Disruption in the Interpretation of Embodied Symbols
Disruption in the Interpretation of Embodied Symbols
Final Web Event
Assumptions are made about individuals through the expression and interpretation of embodied acts and body language is the conduit for social meaning. The social meaning behind bodily acts are disrupted when the movement itself is not completely controlled by the individual. Disability, gender, and communication are all entangled in a web of perception, symbolism, and agency. This web of entanglement causes people to not see an action for as it was intended and make assumptions about a person on their limited controls on bodily action. Interpretations of bodily actions are often misunderstood when an individual is not completely able bodied.
I was able to learn about the disconnect between my mind and the actions that were portrayed by body these past few weeks when I got a concussion playing Rugby. Concussions have a variety of symptoms including headaches, confusion, concentration problems, memory issues, outbursts of emotion, etc. With my concussion, my body did not do what my mind wanted it. For instance, there would be times where I was having long conversations with people and I would come to the realization that I had been blanking out for a long span of time. This realization would occur, when the other person in the conversation would pause and ask me if I was bored because I had appeared to stop paying attention to them. It was like my mind went blank for a few minutes, and I would snap out of it, not understanding where the time went. I also got called clumsy and awkward many times because I was dizzy and would walk into objects or drop plates in the dining hall. Normally I am not the most expressive person when it comes to my negative emotions but with my concussion I would get tear up over the most trivial things. There would be times in the dining hall when I would be very disoriented and overwhelmed and starting tearing up. Many people would be really surprised at me and ask why I was getting so emotional over nothing. My body language and facial expressions would portray emotions and thoughts that really were non-existent, and I would get judged on those expressions despite the fact that they really were not what I had meant. My intentions were judged by my non-verbal communication. While being concussed I was not able to embody the norms I was used to being able to do and my actions came across much differently than I had hoped for.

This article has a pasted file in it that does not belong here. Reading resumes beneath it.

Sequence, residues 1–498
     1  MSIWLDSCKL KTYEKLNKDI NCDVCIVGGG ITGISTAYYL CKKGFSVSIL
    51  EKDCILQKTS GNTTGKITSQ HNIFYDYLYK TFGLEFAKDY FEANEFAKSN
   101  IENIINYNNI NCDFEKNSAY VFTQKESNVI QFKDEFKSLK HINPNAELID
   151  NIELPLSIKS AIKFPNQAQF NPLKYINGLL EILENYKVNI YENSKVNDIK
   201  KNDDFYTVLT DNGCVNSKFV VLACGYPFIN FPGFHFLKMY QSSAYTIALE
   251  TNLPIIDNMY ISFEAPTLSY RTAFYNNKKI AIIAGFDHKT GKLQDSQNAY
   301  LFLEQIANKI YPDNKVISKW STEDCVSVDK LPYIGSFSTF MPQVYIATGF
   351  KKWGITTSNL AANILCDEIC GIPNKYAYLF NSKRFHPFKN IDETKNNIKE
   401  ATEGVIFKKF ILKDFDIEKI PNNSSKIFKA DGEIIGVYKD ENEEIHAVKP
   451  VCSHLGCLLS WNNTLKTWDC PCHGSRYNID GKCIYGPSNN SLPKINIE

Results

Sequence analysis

The body is a medium through which social meaning is expressed. When done in public, embodied acts represent cultural symbols. In the essay entitled “The Body Beautiful: Symbolism and Agency in the Social World”, Erica Reischer and Kathryn S. Koo claim that there are two theoretical orientations of the body, there is the symbolic body and the agentic body. The body can be an active participant and agent in the social world as well as a conduit of social meaning.[i] Bodies are tools in which we use to mediate the world around us. The body itself not only transmits social meanings about itself but it reproduces social norms. Bodies in large quantities reproduce values and conceptions and transform systems of meaning through their actions.[ii]